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23.04.2012 - Article
From the Swiss Federal Institute of Technology Lausanne to the Irrawaddy delta in the south of Myanmar

After completing his architectural studies at the Swiss Federal Institute of Technology Lausanne (EPFL) and getting his first professional experience abroad, Mikhail Broger, 35, joined the Swiss Humanitarian Aid Unit in 2011. In October of the same year, he was sent to the south of Myanmar on his first mission.

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Architect Mikhail Broger on his first mission for the Swiss Humanitarian Aid Unit. [© SDC]

«I went to the Irrawaddy delta as a reconstruction adviser. Initially, I was not sure whether I was up to the task, but I was thrown straight in at the deep end and in fact found my feet without great difficulty.» The main office from where Mikhail Broger and his team operate is located at the heart of the delta in the small village of Bogale. «From there we go from one building site to the next in one of the five boats at our disposal, criss-crossing countless branches of the Ayeryarwady region.»

Fifteen building sites under way
In 2008, the region was devastated by Cyclone Nargis in which 140,000 people died or disappeared. Four years later, the work of the Swiss Humanitarian Aid Unit (SHA) is focused on reconstruction and prevention, in particular building hurricane-resistant schools.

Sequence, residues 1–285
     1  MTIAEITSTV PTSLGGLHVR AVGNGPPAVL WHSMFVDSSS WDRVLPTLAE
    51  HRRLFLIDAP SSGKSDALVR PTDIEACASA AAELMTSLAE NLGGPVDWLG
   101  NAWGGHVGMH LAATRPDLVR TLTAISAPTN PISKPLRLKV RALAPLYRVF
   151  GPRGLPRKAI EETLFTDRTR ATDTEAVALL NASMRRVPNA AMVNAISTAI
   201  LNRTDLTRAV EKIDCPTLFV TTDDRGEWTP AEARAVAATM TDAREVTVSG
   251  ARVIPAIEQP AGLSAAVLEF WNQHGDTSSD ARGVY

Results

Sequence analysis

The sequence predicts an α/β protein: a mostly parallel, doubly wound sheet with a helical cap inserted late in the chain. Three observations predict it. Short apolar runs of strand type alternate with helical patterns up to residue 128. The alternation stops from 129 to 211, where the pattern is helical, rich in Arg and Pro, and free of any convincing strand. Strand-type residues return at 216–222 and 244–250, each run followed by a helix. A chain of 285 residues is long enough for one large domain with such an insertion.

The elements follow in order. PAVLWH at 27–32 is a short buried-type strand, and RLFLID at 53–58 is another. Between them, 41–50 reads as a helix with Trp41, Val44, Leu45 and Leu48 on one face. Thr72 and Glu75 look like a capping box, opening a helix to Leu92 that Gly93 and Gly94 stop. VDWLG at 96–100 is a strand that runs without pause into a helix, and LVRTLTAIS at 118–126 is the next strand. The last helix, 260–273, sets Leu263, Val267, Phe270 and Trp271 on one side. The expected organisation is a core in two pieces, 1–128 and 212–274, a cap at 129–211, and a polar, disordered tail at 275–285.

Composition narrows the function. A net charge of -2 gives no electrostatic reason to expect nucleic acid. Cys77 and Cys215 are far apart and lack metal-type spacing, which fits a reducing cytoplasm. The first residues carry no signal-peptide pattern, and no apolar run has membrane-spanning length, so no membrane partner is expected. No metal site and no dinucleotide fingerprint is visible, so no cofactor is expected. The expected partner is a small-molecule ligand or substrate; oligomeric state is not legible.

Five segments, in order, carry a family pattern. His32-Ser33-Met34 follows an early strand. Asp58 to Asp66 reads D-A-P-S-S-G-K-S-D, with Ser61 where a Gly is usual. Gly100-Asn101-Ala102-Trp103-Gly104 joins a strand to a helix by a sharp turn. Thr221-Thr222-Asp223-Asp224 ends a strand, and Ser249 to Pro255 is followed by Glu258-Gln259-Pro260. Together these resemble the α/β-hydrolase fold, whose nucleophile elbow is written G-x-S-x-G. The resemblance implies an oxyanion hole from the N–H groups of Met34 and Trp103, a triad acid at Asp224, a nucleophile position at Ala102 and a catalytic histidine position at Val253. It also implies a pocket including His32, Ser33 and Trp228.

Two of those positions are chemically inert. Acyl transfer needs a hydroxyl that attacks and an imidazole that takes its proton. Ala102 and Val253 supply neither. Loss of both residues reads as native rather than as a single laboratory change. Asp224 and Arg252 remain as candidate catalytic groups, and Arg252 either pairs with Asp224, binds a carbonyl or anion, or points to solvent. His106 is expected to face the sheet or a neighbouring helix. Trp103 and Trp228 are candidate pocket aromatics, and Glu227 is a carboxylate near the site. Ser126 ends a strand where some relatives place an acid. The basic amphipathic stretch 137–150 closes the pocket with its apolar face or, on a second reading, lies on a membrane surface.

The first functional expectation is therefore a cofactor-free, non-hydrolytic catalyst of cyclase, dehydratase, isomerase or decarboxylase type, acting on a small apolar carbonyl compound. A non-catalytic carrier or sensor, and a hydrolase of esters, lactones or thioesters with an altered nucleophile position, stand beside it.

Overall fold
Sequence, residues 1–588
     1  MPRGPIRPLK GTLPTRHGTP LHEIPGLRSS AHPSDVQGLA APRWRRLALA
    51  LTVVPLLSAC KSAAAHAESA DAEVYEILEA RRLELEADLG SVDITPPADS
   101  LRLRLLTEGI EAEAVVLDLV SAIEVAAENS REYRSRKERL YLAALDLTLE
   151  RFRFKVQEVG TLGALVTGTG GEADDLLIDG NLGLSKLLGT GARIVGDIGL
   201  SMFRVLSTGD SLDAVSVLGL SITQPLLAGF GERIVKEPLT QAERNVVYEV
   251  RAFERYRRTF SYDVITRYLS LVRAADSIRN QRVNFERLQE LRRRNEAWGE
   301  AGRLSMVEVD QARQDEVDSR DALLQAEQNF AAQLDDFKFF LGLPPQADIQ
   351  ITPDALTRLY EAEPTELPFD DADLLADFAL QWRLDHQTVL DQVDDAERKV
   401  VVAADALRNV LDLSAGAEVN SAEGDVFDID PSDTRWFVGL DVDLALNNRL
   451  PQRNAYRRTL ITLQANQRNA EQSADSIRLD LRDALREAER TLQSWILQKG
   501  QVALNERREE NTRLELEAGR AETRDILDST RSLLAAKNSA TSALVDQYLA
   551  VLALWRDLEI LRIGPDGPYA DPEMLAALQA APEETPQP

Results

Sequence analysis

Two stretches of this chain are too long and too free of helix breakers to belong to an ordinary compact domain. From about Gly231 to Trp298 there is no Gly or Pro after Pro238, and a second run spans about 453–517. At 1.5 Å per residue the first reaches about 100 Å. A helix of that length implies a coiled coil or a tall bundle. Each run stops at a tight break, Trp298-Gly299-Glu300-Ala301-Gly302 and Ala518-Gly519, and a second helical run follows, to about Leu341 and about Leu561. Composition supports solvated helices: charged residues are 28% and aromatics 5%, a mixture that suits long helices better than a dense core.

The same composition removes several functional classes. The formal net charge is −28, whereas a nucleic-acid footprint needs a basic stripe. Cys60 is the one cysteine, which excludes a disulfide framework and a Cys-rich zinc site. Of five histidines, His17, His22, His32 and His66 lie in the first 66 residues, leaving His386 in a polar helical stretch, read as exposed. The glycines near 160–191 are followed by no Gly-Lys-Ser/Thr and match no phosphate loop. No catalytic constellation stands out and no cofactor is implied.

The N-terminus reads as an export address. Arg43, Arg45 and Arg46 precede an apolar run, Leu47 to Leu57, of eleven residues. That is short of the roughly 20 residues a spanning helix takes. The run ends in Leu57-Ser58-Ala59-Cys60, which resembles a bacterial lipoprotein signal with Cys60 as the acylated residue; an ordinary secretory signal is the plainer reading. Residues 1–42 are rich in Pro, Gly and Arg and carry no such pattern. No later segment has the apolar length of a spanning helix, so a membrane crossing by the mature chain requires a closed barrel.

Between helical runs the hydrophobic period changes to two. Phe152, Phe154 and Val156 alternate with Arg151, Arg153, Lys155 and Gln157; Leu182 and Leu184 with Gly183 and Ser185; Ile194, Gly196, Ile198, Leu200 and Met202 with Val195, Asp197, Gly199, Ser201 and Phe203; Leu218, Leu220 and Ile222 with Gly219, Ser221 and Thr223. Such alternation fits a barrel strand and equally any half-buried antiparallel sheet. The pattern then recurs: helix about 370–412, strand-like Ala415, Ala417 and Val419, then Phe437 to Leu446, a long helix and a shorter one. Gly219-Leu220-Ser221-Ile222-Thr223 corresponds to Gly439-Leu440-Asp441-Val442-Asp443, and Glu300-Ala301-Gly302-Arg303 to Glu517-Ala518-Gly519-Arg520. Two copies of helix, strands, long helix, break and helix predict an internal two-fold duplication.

«These buildings perform a double function,» explains Mikhail Broger, «school and community centre on the one hand and hurricane shelter on the other. The project comprises a purely technical component that we manage with our team of engineers in the field, and a social component, which involves raising awareness among local communities of the aspects of prevention, risk reduction, maintenance, as well as of hygiene and waste management.»

Since the project was launched at the end of 2009, 18 schools have been inaugurated in the Irrawaddy Delta. By the end of the project Mikhail Broger’s team will have completed some 40 schools.

He is currently overseeing 15 sites. «It can become a real logistical headache,» he says. «Depending on the currents and the tides, some of them become inaccessible. Another difficulty that I am encountering is communication due to the lack of a common language. The training of the engineers, which does not always correspond with Swiss requirements, is one aspect I personally give special priority to. In our work, skills transfer is very important.»

Overcoming cultural differences
Broger, who is from Geneva, likes to take part in other village activities such as meetings concerning the project or the various social or cultural events. «Overcoming cultural differences is for me without doubt one of the most interesting aspects of my mission, but also the most demanding. In addition to the technical expertise needed to be accepted into the SHA, it is also necessary to be able to communicate in several languages, as well as to be diplomatic and tactful.»

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